Ed. Notes- As readers of this publication, know d'Arcy Lunn is no stranger to these pages. He is one of those rare individuals who "walks the talk." D


d'Arcy Lunn

Ed. Notes- As readers of this publication, know d'Arcy Lunn is no stranger to these pages. He is one of those rare individuals who "walks the talk." D'Arcy casts a wide net as he travels around the world meeting with groups of people of all ages and conducts seminars not only about hunger, poverty & inequality, but other topics and causes including but not limited to the eradication of polio. We are most impressed by his dedication to the understanding and importance of leading a simpler life. This article demonstrates his far flung interests and more can be gleaned by [visiting this website].(https://www.globalcitizen.org/en/content/changing-the-world-one-teaspoon-at-a-time/).

After composing this issue, I sent an advanced copy to d'Arcy for his information. I received back the following email from him. While it does change the author of this piece, it does not change to message.

Hi Larry,

Thank you for the kind words but I didn't write the article on the half-house it comes from a wonderful blog by a wonderful guy who writes theMake Wealth History blog - I just reblogged it on my Happy, simply blog site.

If you want you can mention that it comes from Jeremy Williams' blog Make Wealth History and you heard about it through my Happy, simply blog which is about sharing the happiness of life in simplicity and offering an alternative and sustainable lifestyle model to be an active and effective global citizen - not just by helping others but in the way we live each day...

Sorry for my error in posting, but the message is still worth reading irrespective of the source.

By d'Arcy Lunn

Architecture is often the preserve of the elite. Many of the world’s leading architects work on flagship developments for the richest in society, and RIBA’s house of the yearwas built for Lord Rothschild, after all. Most of the rest of us make do with off-the-shelf boxes, so I’m always interested in architects that want to work for the poorest.

Alejandro Aravena is one of those. He’s built over a thousand homes for ordinary people in Chile, with thousands more in the pipeline. His practice, Elemental, has projects all over the world, but their speciality is social housing. In particular, Aravena has become known for the half-house.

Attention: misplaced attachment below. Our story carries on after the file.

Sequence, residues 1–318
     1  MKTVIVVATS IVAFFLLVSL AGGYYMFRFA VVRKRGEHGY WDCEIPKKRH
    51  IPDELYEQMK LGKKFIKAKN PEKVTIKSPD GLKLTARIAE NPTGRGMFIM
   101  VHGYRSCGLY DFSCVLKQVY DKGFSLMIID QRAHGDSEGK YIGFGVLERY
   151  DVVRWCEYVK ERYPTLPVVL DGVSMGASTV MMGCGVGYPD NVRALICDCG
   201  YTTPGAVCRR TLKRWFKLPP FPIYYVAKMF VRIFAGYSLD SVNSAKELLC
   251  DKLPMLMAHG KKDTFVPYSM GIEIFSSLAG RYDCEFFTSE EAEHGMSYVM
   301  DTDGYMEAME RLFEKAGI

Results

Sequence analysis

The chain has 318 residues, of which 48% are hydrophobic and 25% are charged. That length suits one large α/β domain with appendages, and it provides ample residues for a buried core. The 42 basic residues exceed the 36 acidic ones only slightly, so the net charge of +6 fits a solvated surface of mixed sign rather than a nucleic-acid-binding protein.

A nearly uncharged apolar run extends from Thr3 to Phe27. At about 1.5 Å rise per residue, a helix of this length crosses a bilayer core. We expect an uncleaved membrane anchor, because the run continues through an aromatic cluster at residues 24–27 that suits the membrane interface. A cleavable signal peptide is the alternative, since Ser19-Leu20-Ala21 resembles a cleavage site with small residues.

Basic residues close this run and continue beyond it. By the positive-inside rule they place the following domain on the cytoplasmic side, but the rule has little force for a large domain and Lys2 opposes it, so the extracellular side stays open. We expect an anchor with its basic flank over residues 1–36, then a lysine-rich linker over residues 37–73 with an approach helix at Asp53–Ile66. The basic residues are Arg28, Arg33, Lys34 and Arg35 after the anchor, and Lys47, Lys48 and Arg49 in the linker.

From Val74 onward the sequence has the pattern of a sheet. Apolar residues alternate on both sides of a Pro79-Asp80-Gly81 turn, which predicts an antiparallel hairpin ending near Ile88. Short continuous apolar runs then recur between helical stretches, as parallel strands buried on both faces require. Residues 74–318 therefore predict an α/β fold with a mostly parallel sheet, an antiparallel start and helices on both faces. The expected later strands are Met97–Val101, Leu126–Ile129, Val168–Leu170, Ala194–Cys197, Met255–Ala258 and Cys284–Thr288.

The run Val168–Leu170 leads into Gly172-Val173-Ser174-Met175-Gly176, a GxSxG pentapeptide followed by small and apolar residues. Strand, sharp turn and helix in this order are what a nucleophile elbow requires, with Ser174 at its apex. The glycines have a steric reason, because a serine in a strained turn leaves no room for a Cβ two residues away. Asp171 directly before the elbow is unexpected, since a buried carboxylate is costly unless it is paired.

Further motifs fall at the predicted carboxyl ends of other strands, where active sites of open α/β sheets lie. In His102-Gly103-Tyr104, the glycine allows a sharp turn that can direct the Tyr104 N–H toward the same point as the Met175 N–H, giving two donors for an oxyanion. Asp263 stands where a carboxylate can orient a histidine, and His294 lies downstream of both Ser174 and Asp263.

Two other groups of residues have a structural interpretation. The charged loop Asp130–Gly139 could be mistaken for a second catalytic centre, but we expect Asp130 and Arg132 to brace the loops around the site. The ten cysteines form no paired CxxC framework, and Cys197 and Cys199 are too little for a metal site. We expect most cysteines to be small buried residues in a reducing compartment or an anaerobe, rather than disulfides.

The idea was hatched in 2003, when he was asked to build 100 houses for low income families in Iquique, Chile. When his team did the maths on the government’s budget for the programme, they realised there was no way to make them affordable to those that needed them most. The families could only afford half a house. “When you have money for half a house, the question is which half do we do?” says Aravena. “Let’s do the half that the family would never be able to do on its own.”

So one of his half houses has all the important bits: the structure and roof, and a kitchen and bathroom. The family can move in straight away, but the building has gaps to extend into as needed. Beyond the practicalities of affordability, there are actually a couple of advantages to this model. The family can adapt the property according to their needs. Elemental call this process called participatory design, and I think it happens to yield houses that are testaments to the aspirations and ingenuity of their inhabitants.

Beyond the basic structure, it’s up to you to decide what to do next. That gap under the roof can be storage, an office, or a spare bedroom as required. The space downstairs could be a garage or a front room. Extra rooms can be added as the family grows, making it their own in the process.

Residents can thus personalise their homes, but they’re also adding value, something that social housing doesn’t usually allow for.

Aravena has built housing developments in Chile, and Mexico, and many others have been inspired by the half-house model and done similar things elsewhere. To help other cities to use the technique, Elemental has given away some of the most successful designs to its ‘incremental’ homes, and they play a larger role in housing the world’s growing population.

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